Child prostitution in Canada, some as young as eight years old, a list of
over 500 murdered and missing indigenous women, over fifty percent of the
people killed at the hand of police are indigenous, police brutality, leaving
indigenous men to die in 40 below weather, RCMP on tape talking of smear
campaigns against indigenous protesters, 95 per cent of some women’s jail being
indigenous, these are only some of the issues. The real issue is that Canada is a
resource wealthy country where 60 metals and minerals are mined, with 87% of
all Canadian exports going to the United States. Seventy-two percent of all
foreign investments in Canada comes from the States.
American money drives Canadian policies. Canada is United States largest
trading partner and largest supplier of foreign oil, Canada having long passed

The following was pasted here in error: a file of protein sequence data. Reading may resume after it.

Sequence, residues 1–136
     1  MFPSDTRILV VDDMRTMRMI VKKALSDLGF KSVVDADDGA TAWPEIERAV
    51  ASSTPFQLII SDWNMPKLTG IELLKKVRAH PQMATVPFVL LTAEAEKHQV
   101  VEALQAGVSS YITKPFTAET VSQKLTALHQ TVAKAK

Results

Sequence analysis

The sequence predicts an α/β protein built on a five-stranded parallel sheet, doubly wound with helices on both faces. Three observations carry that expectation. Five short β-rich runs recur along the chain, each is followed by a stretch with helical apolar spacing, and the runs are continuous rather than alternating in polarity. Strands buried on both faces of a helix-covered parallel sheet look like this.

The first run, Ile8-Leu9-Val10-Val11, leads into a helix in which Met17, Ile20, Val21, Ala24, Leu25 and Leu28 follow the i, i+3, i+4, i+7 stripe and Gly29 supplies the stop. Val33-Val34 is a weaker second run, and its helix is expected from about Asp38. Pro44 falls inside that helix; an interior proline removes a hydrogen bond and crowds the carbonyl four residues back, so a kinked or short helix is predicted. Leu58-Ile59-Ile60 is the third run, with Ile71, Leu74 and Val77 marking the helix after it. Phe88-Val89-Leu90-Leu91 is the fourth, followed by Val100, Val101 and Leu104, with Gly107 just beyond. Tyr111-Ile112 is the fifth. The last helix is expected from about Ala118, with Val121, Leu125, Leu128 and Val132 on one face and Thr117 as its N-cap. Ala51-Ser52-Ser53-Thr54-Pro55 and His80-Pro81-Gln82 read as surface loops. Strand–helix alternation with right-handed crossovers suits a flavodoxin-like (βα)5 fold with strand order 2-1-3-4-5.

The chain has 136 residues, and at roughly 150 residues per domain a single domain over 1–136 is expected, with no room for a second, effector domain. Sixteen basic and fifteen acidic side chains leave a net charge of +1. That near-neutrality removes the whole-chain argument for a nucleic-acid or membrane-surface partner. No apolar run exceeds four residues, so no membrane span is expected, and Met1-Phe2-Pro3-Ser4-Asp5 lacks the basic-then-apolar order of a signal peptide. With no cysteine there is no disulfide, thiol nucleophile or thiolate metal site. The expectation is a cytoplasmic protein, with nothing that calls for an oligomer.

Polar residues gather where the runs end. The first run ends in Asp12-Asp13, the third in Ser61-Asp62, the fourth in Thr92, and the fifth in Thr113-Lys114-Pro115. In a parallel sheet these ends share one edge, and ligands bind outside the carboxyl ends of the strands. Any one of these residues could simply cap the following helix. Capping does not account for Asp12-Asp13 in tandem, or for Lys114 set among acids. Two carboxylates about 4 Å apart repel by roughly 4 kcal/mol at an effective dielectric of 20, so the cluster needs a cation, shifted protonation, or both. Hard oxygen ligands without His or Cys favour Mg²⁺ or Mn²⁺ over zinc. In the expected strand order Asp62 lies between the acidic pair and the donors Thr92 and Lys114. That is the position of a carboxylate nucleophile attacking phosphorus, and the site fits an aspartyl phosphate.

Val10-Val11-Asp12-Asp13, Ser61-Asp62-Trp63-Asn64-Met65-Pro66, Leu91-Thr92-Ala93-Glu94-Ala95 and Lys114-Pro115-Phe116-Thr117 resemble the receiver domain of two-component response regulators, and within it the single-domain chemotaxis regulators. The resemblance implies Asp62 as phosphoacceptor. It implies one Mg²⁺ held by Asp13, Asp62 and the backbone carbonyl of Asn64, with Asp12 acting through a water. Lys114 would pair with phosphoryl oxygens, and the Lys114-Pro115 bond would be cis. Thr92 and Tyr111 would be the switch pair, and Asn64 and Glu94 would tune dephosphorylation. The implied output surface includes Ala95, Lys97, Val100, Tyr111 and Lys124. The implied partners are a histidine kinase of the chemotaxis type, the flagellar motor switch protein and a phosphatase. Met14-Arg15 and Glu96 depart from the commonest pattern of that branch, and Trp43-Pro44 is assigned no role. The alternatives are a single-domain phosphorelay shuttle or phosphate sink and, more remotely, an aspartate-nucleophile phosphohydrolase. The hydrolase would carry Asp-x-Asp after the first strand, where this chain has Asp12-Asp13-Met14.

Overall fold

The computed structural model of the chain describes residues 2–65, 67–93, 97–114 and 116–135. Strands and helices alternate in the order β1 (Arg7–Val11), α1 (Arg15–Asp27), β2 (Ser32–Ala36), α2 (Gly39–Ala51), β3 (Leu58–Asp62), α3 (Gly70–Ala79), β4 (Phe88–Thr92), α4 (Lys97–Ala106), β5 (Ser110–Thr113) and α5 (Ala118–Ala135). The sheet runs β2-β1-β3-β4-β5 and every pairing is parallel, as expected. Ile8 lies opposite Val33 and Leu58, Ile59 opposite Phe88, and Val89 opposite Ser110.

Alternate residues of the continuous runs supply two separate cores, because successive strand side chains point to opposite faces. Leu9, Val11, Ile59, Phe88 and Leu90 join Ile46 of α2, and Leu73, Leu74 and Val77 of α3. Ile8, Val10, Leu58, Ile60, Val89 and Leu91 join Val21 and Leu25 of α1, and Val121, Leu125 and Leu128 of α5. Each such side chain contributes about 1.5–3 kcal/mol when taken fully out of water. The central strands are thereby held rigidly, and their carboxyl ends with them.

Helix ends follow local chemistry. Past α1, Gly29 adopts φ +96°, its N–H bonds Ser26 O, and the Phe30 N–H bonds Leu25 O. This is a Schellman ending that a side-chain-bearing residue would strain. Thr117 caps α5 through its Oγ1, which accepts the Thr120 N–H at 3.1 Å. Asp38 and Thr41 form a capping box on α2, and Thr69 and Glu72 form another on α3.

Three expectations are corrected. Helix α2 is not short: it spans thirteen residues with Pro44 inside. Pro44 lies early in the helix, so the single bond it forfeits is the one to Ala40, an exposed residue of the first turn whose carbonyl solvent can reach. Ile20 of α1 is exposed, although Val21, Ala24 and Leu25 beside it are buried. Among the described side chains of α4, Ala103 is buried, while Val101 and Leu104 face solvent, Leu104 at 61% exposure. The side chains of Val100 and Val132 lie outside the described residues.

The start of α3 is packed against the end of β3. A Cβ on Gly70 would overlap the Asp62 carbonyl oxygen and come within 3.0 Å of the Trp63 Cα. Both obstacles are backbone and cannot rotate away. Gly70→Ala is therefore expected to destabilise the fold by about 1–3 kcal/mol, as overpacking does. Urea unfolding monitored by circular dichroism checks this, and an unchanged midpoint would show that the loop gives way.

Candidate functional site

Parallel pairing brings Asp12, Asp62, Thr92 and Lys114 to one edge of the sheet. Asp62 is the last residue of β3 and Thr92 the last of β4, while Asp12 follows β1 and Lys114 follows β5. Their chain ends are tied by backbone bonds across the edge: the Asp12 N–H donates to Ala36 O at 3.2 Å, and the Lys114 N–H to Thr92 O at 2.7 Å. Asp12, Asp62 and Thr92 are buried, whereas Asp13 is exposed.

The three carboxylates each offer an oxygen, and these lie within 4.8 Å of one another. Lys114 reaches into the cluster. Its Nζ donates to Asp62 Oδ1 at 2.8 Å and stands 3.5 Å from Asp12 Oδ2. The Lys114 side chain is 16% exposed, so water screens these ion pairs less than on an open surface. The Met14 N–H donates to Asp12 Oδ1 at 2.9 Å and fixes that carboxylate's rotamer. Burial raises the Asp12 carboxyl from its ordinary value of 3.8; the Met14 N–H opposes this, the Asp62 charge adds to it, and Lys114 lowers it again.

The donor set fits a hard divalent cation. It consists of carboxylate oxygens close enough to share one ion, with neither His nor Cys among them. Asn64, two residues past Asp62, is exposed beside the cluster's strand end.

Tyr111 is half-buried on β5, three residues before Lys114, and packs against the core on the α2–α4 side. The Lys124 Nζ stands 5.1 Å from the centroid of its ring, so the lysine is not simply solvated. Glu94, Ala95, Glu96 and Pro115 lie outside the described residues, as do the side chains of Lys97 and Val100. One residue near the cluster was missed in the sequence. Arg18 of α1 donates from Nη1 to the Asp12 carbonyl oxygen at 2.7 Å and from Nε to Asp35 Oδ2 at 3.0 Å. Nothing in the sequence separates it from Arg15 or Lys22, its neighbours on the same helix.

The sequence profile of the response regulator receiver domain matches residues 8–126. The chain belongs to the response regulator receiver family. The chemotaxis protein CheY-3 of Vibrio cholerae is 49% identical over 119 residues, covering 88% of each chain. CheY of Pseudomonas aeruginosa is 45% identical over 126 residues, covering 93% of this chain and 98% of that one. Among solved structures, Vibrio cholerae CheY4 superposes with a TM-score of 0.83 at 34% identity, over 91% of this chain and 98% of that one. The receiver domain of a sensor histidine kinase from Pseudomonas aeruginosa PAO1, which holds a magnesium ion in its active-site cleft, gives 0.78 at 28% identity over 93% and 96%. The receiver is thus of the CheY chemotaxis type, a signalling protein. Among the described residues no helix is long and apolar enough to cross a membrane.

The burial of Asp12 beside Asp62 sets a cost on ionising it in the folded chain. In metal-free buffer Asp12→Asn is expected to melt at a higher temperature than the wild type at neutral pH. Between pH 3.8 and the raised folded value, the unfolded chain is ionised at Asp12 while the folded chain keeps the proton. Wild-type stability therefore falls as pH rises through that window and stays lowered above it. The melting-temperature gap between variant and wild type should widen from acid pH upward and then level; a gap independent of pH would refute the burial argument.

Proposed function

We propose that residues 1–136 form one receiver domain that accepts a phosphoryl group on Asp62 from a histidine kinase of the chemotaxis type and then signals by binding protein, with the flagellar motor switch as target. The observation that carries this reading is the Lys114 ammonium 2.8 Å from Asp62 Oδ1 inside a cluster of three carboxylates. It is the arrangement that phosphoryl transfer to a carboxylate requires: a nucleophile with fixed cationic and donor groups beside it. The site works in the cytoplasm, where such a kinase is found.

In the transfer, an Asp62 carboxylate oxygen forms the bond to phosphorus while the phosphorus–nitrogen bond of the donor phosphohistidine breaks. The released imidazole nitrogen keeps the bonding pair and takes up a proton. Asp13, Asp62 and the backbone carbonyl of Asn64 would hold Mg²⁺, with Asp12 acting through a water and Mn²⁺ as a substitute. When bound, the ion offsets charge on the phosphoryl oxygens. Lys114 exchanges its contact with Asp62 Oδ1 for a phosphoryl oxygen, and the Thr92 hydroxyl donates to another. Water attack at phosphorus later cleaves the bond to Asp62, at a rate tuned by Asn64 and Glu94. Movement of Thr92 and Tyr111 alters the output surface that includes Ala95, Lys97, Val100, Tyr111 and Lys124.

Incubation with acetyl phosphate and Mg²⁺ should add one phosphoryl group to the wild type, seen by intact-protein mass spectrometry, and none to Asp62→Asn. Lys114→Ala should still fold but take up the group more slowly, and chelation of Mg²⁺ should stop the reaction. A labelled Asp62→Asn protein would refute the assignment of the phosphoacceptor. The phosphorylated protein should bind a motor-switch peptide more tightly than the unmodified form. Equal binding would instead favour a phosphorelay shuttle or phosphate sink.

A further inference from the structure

Saudi Arabia as the biggest US oil supplier. With the environmental and
weather disasters in the southern Gulf of Mexico states hurting the refinery
capacity of the US, Canadian oil is even more critical to the 20 million barrels
of oil that United States uses. Enbridge is proposing a 36” pipeline to sent
800,000 barrels of oil a day to the United States. That pipeline alone
represents 4 percent of all American oil needs. Roseau River and other First Nation
along the proposed will stop that pipeline until Canada sits down with us
and begins real negotiations on stopping the human rights violations against
our people.
On June 29th 2007, the world will hear about Canadian indigenous peoples as
the Assembly of First Nations, our national organization representing over
six hundred Canadian Indian reservations passed a resolution calling for a
national day of protest to include railway blockades and other forms of
disrupting the Canadian economy. The United States should not ignore the human rights